Siemens-Alstom deal to create European rail behemoth

German industrial group Siemens and its French rival Alstom have agreed to merge their rail operations, creating a European champion to better withstand the international advance of China's state-owned CRRC Corporation.

Siemens will own 50 per cent plus a few shares of the joint venture, to be called Siemens Alstom, while Alstom will nominate Henri Poupart-Lafarge as chief executive, helping to counter criticism that France is giving up control of another national industrial icon.

The Siemens-Alstom agreement to merge their rail operations is a Franco-German industrial breakthrough and a triumph for French President Emmanuel Macron, but has riled opposition politicians, Reuters reports.

The non-executive chairman will come from Siemens.

The framework deal still has to be approved by Alstom shareholders as well as regulators.

The French government said it would not exercise an option to buy a 20 per cent stake in Alstom from industrial group Bouygues.

The transport businesses of Siemens and Alstom span the iconic French TGV and German ICE high-speed trains as well as signalling and rail technology. They have combined sales of €15.3 billion and earnings before interest and tax of €1.2 billion.

The global headquarters, rolling stock business and stock-market listing of the new entity will be in Paris and the signalling and technology business in Berlin.

The new company, with 62,300 employees, targets synergies of €470 million in four years at the latest after the closing of the deal, which is expected at the end of 2018.

The companies said their operations were largely complementary, with Alstom present in growth markets in the Middle East and Africa, India, and Central and South America, while Siemens was strong in China, the US and Russia.

Siemens stands to gain control of Alstom's main business, since all of Alstom's divisions deal with the railways and transportation industries.

Existing Alstom shareholders will be paid two special dividends: a control premium of €4 per share to be paid shortly after closing of the transaction and an extraordinary dividend of up to €4 per share to be paid out of the proceeds of Alstom's put options for its General Electric joint venture, "subject to the cash position of Alstom".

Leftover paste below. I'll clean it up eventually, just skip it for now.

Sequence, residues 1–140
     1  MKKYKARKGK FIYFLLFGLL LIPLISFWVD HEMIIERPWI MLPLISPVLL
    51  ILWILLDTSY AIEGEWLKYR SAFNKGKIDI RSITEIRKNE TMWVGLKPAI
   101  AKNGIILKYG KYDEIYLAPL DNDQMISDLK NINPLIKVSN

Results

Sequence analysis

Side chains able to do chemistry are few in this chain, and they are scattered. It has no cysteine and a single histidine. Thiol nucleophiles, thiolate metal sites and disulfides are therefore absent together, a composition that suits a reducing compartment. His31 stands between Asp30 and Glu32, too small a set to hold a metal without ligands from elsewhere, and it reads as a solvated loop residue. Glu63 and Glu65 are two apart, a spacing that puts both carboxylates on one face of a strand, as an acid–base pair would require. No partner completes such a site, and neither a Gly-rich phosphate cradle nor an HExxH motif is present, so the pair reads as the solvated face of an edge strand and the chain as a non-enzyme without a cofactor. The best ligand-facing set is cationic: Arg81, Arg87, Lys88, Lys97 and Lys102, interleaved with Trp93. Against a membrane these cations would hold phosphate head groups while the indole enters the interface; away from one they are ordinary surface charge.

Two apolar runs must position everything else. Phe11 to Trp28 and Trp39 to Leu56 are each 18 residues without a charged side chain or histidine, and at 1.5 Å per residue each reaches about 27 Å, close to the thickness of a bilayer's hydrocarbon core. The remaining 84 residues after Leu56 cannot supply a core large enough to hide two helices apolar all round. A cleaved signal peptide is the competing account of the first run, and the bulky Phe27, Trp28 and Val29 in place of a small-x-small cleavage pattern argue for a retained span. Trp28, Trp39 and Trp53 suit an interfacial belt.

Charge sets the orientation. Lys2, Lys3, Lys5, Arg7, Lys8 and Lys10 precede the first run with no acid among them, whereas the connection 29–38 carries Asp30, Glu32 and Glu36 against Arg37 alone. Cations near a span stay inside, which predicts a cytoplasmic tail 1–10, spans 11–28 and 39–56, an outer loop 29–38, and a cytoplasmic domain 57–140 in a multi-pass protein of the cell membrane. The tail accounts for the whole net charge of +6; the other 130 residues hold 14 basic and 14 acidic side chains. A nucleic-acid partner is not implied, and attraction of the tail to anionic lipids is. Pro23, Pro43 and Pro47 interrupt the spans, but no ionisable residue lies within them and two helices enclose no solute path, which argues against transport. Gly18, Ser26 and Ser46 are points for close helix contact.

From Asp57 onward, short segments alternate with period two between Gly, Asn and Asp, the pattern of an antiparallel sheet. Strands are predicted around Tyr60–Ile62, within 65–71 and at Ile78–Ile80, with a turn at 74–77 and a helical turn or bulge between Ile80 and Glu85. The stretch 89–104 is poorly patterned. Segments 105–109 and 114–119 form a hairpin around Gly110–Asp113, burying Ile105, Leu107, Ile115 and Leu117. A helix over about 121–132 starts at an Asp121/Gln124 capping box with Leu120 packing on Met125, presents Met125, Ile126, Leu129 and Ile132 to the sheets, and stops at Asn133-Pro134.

Finance minister Bruno Le Maire said on Tuesday that the French government welcomed the planned tie-up which would protect French jobs, and reiterated his support on Wednesday.

Speaking ahead of a French-Italian summit in Lyon, he said he hoped Europe could create a leading naval company similar to the one formed by the railway transaction.

France and Italy could reach a deal over the STX France shipyards at the meeting of the two countries' leaders, an official in French President Emmanuel Macron's office told Reuters on Monday.

Le Maire said he would visit Alstom's emblematic Belfort site to reassure workers over their jobs following the Siemens deal.

The new entity would create a European leader able to take on Chinese and world rivals, he said.

But the opposition worries that France will lose control of its TGV high-speed train - a symbol of national pride that has highlighted French engineering skill - and concerned about possible job losses.

"This Franco-German merger of equals sends a strong signal in many ways. We put the European idea to work and together with our friends at Alstom, we are creating a new European champion in the rail industry for the long term," said Siemens chief executive Joe Kaeser.

Alstom's Poupart-Lafarge said, "Today is a key moment in Alstom's history, confirming its position as the platform for the rail sector consolidation."

Analysts at Deutsche Bank kept a "hold" rating on Alstom shares, saying extracting cost savings from the deal could be tricky.

"Politicians will also likely try to ensure some form of jobs protection in France (28 per cent of Alstom's workforce) and Germany (39 per cent of Siemens's workforce), making cost synergies difficult to extract," they wrote in a note.

The deal leaves out in the cold Canadian transportation group Bombardier, which also held talks with Siemens, Reuters' sources have said, and which faces a separate battle this week to protect jobs in Quebec and Northern Ireland.

China's CRRC, with annual revenue of about $35 billion, is bigger than Siemens Mobility, the rail and infrastructure division of the German conglomerate, Alstom and Bombardier Transportation combined.

Previously focused on China, it has won projects in Britain and the Czech Republic in the past year, and is eyeing the UK's High Speed 2 project, which will connect London with cities in the north of England.